There is something very special about this picture. I looked at it again today and did not even realize tears were falling down my cheeks until they dripped down my shoulder. This was taken yesterday at our community pool. I am recovering from pneumonia. Who gets pneumonia in the summer? Someone who inhales apple pie during an apple pie eating contest. Note to self do not stuff your face with apple pie and then bust up laughing. Diagnosis Aspirated Pneumonia. Thus even more precious the story that unfolds next.
Ethan has struggled with learning to swim. Rumor has it that deaf kids have a hard time with balance, and more so with water. So I have allowed Ethan the security of his life preserver to give him that security he feels he needs. The reality is that he has learned the necessary skills to swim. Imagine if you will, being deaf. Now close your eyes and think of going under water with your eyes closed. Completely cut off from the world. Even for a few seconds, this is very scary for a child.
Ethan watched as kids lined up to jump out the the knotted rope. Climbing it and then letting go into the 9ft. deep waters. He wanted to do it and stepped in line. I sat on the sidelines and laid back to watch. Doing my constant mommy scan. Eric over there, check. Emerson with Amber (the sitter) check. Ethan in line, check. Ethan signaled for me to come over to him. He said "mommy the guy keeps talking to me but I can't hear him." This was the life guard. I asked him what he might be telling Ethan and also explained that he is deaf and can not hear him. (How did we miss this life guard. I was certain I had informed all of them that this boy is deaf. ) Apparently you can not go into the deep end of the pool with a life jacket, nor can you jump to the rope with a life jacket. I explained as best as I could with gestures to Ethan. Ethan walked away with his head down, and trying hard to not let the other kids see him cry. My heart sunk. He wanted so bad to try this.
I hugged him and knew that I had to allow him his moment of frustrations and disappointment. I tried to tell him that if he removed the jacket he could do it, but he would shake his head back and forth with a definite NO.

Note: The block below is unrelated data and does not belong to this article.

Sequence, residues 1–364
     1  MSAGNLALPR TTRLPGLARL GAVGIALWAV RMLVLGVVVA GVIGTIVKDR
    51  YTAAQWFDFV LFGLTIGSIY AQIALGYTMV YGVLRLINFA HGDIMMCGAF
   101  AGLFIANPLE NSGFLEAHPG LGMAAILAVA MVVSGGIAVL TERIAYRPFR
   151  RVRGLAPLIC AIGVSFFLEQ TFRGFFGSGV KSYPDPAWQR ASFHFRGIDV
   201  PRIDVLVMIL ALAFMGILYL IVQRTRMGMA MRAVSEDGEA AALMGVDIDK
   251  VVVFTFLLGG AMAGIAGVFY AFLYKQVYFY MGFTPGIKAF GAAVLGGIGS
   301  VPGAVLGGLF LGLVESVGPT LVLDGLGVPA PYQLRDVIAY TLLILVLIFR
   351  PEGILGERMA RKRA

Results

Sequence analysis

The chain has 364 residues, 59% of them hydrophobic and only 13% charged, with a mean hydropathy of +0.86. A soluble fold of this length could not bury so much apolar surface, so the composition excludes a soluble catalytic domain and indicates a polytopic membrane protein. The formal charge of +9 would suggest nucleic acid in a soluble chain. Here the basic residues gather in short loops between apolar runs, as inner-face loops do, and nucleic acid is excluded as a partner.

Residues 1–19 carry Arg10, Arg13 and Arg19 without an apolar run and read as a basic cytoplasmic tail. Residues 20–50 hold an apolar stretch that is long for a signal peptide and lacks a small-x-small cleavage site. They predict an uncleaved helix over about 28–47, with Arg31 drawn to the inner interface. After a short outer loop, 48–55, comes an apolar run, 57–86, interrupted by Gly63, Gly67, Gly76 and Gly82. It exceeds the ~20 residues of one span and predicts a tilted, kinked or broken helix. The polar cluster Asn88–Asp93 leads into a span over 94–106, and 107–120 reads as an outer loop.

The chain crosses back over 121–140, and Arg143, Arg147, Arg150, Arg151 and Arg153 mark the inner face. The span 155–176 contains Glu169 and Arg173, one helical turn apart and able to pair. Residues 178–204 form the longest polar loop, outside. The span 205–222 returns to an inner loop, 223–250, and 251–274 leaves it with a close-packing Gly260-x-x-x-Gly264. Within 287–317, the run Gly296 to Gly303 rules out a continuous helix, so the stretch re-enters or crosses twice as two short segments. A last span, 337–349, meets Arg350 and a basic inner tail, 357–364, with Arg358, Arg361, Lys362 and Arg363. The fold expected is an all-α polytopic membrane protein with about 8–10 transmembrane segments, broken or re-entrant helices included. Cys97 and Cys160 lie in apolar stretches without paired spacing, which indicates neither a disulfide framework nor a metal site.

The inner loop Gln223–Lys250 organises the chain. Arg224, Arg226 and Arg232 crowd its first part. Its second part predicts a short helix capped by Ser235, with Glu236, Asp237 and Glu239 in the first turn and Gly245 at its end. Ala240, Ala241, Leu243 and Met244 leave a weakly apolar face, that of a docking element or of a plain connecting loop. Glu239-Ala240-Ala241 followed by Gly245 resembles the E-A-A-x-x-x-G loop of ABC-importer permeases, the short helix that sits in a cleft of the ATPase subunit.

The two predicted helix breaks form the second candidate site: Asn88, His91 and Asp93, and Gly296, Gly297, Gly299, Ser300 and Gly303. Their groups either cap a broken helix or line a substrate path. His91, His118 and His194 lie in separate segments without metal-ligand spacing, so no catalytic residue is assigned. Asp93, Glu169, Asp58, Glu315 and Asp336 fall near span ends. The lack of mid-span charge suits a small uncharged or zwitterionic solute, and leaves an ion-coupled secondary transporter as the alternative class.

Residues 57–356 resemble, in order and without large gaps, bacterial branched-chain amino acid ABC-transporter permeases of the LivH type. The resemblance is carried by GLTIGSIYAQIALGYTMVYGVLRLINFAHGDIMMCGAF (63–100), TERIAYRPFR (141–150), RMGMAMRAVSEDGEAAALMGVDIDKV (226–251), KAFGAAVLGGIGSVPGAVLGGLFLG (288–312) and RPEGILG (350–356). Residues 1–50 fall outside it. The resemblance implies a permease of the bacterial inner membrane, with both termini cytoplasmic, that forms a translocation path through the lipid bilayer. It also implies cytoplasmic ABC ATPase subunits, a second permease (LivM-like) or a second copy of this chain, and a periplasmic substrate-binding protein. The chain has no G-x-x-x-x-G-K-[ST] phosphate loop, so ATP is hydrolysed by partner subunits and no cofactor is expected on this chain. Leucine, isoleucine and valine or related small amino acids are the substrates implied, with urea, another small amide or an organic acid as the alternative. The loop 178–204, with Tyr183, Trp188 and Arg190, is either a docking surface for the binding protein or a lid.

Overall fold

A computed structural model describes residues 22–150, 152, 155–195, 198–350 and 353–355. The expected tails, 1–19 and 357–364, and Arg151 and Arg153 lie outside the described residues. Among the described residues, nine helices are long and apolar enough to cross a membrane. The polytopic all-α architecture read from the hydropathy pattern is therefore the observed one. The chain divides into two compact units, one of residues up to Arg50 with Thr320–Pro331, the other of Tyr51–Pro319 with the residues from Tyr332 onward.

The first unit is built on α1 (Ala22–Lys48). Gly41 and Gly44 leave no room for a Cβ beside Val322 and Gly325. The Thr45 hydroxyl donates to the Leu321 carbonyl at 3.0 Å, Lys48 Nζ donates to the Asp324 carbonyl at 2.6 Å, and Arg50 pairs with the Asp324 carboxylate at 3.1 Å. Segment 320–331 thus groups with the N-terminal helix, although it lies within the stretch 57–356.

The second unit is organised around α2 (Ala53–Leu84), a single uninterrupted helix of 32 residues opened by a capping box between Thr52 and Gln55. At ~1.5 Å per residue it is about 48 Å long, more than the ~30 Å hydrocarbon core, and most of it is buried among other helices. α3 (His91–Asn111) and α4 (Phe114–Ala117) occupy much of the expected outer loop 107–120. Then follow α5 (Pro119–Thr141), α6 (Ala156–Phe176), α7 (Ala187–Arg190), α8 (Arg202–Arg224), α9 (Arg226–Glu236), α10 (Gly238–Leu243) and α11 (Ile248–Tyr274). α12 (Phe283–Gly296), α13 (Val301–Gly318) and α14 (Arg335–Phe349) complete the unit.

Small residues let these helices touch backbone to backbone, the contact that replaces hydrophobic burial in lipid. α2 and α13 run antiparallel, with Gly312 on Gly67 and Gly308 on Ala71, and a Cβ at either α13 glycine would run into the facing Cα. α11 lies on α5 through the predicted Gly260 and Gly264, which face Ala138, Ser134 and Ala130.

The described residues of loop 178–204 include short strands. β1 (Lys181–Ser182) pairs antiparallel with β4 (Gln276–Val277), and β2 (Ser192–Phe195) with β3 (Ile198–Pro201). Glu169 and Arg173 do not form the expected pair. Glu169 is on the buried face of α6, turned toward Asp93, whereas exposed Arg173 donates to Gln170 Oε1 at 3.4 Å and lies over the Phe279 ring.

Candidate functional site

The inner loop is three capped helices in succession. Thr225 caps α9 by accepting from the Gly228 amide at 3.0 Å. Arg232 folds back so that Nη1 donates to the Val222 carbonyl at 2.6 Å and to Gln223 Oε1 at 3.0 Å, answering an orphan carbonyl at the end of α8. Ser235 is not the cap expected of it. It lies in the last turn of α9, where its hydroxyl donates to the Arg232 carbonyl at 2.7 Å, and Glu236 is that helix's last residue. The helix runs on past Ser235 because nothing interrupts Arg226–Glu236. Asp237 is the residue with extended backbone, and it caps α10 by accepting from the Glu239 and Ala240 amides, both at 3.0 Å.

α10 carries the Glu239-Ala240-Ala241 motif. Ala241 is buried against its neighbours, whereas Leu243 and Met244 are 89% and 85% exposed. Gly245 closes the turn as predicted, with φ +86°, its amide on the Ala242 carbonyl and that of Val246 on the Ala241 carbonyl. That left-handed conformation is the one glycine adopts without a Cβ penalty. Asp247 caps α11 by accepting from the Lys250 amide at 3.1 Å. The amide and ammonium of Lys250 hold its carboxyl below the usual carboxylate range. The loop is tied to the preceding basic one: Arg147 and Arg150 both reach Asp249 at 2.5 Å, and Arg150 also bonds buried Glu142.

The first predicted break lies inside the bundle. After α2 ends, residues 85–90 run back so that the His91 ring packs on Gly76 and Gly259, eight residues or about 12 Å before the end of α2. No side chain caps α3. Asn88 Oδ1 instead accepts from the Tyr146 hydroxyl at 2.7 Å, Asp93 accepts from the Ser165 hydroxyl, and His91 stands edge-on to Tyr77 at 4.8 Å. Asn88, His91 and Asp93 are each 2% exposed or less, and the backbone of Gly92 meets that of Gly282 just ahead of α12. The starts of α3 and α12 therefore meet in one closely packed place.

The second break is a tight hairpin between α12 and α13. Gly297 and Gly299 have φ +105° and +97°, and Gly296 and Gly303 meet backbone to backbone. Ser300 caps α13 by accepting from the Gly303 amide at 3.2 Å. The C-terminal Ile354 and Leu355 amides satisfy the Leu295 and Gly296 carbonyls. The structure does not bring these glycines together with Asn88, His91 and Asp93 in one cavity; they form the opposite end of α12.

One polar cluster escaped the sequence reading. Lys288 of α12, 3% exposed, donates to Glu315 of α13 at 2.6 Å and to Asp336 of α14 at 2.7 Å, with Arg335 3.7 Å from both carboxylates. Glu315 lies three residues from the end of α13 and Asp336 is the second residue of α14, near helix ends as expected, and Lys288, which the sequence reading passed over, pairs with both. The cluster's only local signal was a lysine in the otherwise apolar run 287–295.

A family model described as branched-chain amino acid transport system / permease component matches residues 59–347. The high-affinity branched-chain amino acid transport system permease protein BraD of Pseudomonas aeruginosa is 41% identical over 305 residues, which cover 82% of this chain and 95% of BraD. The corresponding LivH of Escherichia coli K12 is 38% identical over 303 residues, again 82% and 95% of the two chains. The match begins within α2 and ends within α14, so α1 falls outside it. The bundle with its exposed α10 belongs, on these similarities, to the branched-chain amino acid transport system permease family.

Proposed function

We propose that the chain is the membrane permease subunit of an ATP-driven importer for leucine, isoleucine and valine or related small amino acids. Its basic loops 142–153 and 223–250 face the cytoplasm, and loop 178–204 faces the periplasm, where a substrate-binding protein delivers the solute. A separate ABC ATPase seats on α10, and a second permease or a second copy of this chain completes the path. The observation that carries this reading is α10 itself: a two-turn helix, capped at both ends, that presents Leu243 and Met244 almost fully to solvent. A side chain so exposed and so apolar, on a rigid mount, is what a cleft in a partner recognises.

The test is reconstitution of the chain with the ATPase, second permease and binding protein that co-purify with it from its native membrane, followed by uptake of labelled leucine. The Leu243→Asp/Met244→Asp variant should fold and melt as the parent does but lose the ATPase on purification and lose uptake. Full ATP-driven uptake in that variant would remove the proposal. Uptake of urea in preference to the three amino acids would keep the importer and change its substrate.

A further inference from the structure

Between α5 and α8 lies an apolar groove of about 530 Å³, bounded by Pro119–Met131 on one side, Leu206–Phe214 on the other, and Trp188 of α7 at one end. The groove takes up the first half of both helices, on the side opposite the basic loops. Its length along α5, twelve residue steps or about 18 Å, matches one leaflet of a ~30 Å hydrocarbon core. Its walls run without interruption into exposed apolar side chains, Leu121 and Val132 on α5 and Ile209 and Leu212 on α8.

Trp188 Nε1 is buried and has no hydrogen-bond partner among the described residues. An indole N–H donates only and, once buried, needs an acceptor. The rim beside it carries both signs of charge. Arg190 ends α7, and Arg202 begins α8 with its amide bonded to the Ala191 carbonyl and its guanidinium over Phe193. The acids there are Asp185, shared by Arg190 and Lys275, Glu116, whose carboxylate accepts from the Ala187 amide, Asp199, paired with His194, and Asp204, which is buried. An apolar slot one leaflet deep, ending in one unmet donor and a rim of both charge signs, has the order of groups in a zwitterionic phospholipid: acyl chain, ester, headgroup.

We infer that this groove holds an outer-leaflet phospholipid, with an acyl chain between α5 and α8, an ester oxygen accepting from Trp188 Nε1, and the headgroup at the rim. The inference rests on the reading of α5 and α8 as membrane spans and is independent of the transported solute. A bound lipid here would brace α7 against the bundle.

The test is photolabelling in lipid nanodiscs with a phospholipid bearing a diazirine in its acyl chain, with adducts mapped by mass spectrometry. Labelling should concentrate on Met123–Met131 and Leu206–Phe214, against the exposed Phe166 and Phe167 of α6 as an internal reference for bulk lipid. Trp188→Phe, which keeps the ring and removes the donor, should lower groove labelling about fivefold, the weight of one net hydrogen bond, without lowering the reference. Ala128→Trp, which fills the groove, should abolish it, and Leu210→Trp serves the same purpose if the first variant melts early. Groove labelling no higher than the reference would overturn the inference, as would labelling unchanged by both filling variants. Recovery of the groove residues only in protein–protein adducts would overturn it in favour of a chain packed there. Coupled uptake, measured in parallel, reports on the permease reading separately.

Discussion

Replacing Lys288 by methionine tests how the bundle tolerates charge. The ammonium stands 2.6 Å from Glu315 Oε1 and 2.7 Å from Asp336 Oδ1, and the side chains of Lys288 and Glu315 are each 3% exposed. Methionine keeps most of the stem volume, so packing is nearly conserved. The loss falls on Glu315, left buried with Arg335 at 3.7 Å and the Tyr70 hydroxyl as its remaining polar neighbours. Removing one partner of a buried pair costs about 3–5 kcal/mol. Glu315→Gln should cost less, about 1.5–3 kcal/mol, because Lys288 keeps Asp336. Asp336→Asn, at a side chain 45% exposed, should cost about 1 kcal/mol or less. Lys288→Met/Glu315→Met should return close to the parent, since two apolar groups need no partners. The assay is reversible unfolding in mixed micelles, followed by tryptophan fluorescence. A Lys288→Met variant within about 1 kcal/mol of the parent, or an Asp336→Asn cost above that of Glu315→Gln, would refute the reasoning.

After about 20 minutes he came to me and took his jacket off and pointed to Amber. Suggesting that Amber get in the water and wait for him. Amber came. Ethan stepped in line. And then for the next couple of minutes with the barrier of language Amber communicated with patience that HE could do it. I watched her facial expressions, her hand gestures. Assuring Ethan that she would be there in the water waiting. I watched and then took this picture of her showing him that he could jump on that rope. He could do it. He looked out, scared and Amber persevered with helping him along.I love this picture of Amber showing him that he could do this. I love how she communicated with this deaf boy. That his handicap was not going to hinder this huge challenge for him. A few more minutes went by. This was a big deal for Ethan. Not only to be up on that short platform, but then make a leap into the 9ft deep waters below that rope he so desperately wanted to hang on. I would like to say that I was the hero of the day. Don't we moms want to be that for our children. I was not the one in the water, talking this kid off that platform. I was not the one smiling up at him and telling him he could do it. This precious sixteen year old, who had gone head to head with Ethan two days before, and that same morning as he tried to pull every baby sitter trick in the book. She did not carry any frustrations of how he challenged her the hours or days before. She got in that water and with her tender heart forgot all that and helped that nine year old boy succeed.
It might be kind of hard to see, but Ethan took that leap. There he is swinging like Tarzan. The biggest smile on his face. No fear or trembling. As promised Amber went a little ways out to assure him that she was still there for him. When Ethan dropped into those deep waters he swam. He swam hard and without any help from Amber made it to the side of the pool. Guess who spent the rest of the afternoon going off that platform and swinging from that rope, dropping and swimming to the edge with no life jacket.
In many ways this paints a story of God's love for each one of us. His patience and kindness to continue to show up when we do not deserve it. To encourage us when we fear the obstacles ahead. To come alongside and NOT always hold our hand, but just be there so we can grow. That Shephard, just within reach but not hovering. I was reminded of this verse today.
Psalm 145: 17-19
"17 The LORD is righteous in all His ways And kind in all His deeds. 18 The LORD is near to all who call upon Him, To all who call upon Him in truth. 19 He will fulfill the desire of those who fear Him; He will also hear their cry and will save them." Ethan really did challenge Amber this week. She was always firm with him. She did not back down with him. And then when it came time to trust her with one of his biggest fears, that strong girl he knew he could trust. She had already proved herself strong and trustworthy to him. Ethan so desired to hang onto that swinging knotted rope. And there Amber was ready to save him if he needed her. God designed this precious girl to care, to love and challenge in a way that would encourage and grow the heart of a little deaf boy. And in her life reminding me of this Psalm 145.